Queer Cinema Crash Course
I come from a family of cinephiles. Growing up, my parents impressed on me the importance of film as a window to the world. I spent a lot of my time watching classic and foreign films and learning how to analyze them both as a filmmaker and as a human being.
I am also queer, and though I've been out for a long time, I began to really explore the meaning of my identity a few years ago. In 2018, I began compiling a list of queer films I’d watched and wanted to recommend, and dubbed it the Queer Cinema Crash Course.
It was a project born not only out of a desire to expand my own horizons in the realm of queer cinema, but also partially in response to various mainstream roundups of "Essential Queer Cinema", which usually (conveniently) featured the same five or so tragic gay romances between beautiful cis white men; movies that garnered mainstream attention, that just about everyone has already heard of, typically all made within the past 5-10 years.
I find that particular definition of what queer cinema "is" to be offensively reductive and not reflective of the true diversity of the worldwide queer diaspora. I knew there were amazing movies -- classic movies, foreign films, low budget student films and shorts, works that are dismissed as "trash" or "camp" -- that reflected the lived experiences of LGBTQIA+ people (yes, every letter!) all over the world, that were consistently being overlooked in discussions of what qualified as important queer cinema. What would a list that included all of those overlooked films be like? When I couldn't find one, I decided to make it a reality.
In compiling this list, the most critical thing to me was to present a canon of queer cinema from around the globe, spanning the history of film as a medium, that would present a multitude of stories reflective of the true diversity of queer life. I wanted to create an ongoing resource that would exist for folks who are new to watching queer cinema and looking for a place to start, as well as those who've seen many queer films and wanted more options (particularly some choices they may not have heard of). As "queer cinema" can also be an extremely personal and subjective thing, I must also note that this list is simply my own attempt at defining it. Furthermore, I believe it's crucial to remember when looking at the entire history of film that even movies that do not contain overt queer representation can speak to a queer person's experiences in a powerful way -- hence the inclusion of some films on this list that are not traditionally considered "queer".
Today, I'm proud to say that the list contains nearly 200 entries. It spans over 100 years of film history (the earliest entry is a German silent film from 1919), represents a wide variety of genres (everything from surrealist art house films to period melodramas to gory slashers), and includes works mainstream and obscure (and everything in between) by filmmakers all over the world. This broad list endeavors to paint a picture of the realities of being queer across space and time; in doing so, it seeks to create a canon that moves beyond the obvious to encompass the extraordinary, the mundane, the uncomfortable, the beautiful -- the realm of being human, of being queer, of being a life on Earth.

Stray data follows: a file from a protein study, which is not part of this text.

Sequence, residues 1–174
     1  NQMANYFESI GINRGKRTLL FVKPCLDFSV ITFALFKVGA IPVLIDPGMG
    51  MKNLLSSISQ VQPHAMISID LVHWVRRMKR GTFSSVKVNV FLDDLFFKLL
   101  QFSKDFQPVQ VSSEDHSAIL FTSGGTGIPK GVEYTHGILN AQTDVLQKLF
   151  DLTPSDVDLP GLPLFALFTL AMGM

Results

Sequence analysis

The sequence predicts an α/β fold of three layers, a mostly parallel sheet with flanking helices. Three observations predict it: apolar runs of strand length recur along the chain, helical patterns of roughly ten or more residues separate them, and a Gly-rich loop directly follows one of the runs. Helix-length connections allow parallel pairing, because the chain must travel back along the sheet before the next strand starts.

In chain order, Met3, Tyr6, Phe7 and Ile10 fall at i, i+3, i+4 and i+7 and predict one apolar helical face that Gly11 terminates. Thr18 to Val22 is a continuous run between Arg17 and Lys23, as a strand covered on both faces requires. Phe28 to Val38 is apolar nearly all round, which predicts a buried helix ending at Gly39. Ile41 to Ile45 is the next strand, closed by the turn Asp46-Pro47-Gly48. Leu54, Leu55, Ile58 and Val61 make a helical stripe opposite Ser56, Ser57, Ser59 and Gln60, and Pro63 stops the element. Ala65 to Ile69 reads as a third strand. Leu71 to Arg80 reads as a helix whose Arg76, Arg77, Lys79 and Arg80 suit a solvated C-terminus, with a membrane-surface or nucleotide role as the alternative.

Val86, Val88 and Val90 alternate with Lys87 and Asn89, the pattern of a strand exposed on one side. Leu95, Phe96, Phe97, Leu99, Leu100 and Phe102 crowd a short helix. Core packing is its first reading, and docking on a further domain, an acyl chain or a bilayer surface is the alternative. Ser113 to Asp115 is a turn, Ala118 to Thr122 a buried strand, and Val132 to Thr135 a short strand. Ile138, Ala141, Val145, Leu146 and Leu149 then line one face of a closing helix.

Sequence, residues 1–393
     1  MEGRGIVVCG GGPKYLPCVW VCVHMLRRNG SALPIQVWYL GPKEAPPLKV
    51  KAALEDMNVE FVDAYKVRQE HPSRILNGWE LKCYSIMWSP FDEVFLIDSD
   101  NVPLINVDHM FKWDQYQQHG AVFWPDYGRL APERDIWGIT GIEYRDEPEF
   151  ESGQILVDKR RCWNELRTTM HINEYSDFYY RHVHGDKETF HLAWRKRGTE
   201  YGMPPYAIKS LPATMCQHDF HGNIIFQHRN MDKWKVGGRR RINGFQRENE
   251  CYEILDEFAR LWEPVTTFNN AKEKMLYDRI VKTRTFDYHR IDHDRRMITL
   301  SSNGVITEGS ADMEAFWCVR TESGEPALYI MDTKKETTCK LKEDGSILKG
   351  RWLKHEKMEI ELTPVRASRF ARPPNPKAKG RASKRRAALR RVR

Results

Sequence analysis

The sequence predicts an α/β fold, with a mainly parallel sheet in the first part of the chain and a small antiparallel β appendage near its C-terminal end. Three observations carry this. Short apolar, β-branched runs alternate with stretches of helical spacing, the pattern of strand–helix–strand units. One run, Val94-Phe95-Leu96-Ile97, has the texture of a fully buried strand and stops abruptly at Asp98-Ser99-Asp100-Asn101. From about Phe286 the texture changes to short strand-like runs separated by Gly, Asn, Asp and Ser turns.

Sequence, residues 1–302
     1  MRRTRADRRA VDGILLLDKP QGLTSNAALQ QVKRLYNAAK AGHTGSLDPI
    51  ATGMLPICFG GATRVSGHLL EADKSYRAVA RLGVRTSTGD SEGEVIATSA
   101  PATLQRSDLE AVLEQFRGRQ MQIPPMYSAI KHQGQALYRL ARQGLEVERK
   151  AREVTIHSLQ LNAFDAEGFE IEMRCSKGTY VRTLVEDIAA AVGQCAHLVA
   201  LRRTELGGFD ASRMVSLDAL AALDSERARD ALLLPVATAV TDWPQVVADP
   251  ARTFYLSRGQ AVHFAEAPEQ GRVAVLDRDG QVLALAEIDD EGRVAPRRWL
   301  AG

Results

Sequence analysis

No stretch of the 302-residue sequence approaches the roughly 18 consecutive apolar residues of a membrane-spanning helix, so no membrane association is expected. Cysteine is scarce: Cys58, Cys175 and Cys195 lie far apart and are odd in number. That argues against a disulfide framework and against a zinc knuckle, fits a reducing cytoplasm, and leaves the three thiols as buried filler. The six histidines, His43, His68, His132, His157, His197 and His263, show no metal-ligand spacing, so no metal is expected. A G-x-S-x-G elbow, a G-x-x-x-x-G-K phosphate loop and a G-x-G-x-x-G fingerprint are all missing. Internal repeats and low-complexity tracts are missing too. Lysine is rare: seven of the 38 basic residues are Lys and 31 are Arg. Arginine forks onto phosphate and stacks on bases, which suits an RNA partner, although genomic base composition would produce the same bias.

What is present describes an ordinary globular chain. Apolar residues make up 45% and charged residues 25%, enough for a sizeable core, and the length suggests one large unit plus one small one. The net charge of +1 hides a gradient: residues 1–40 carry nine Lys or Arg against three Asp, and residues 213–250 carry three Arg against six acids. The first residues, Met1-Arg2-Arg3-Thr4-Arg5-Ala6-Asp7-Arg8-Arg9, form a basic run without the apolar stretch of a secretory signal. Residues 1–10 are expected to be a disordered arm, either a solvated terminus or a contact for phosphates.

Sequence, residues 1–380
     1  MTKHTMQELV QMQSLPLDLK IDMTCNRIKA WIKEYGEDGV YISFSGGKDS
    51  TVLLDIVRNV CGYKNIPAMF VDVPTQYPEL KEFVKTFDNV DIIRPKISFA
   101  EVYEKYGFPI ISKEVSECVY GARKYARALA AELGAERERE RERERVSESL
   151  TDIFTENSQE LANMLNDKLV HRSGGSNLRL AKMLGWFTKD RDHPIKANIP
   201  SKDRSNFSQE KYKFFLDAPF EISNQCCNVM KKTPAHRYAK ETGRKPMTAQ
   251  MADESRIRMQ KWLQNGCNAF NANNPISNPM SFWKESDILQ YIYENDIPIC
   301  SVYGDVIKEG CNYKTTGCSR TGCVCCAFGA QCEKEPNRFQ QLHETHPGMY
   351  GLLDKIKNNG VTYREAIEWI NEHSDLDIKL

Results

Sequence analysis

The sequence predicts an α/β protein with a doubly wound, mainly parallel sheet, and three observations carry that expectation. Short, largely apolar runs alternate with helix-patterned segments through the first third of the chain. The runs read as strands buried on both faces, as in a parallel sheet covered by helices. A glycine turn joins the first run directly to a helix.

It's tough for me to recommend just a few films from the list, but here are a few I think are essential, in no particular order:
- Dakan (1997, dir. Mohamed Camara)
- Sylvia Scarlett (1935, dir. George Cukor)
- Tropical Malady (2004, dir. Apichatpong Weerasethakul)
- Querelle (1982, dir. Rainer Werner Fassbinder)
- Tongues Untied (1989, dir. Marlon Riggs)
- Blue (1993, dir. Derek Jarman)
- Shakedown (2018, dir. Leilah Weinraub)
- Victim (1961, dir. Basil Dearden)
- Happy Together (1997, dir. Wong Kar-Wai)
- Je, tu, il, elle (1974, dir. Chantal Akerman)
- Saving Face (2004, dir. Alice Wu)
- Parting Glances (1986, dir. Bill Sherwood)
- Borderline (1930, dir. Kenneth Macpherson)
- Knife+Heart (2018, dir. Yann Gonzalez)
- The Watermelon Woman (1996, dir. Cheryl Dunye)
- The Gospel According to Matthew (1964, dir. Pier Paolo Pasolini)
(Sidenote: I particularly recommend the entire filmographies of the trailblazing Marlon Riggs, Derek Jarman, and Cheryl Dunye, whose contributions to queer cinema are massively important and often undervalued.)
This list is hand-curated and constantly updated by me, and I'm always looking for more! As a bonus, each entry includes a quote from the film in the notes. I have seen each movie in the Queer Cinema Crash Course and I always love to talk about them! If you have questions, comments, or want to suggest a film you think should be added, please reach out to me @muinil on Twitter.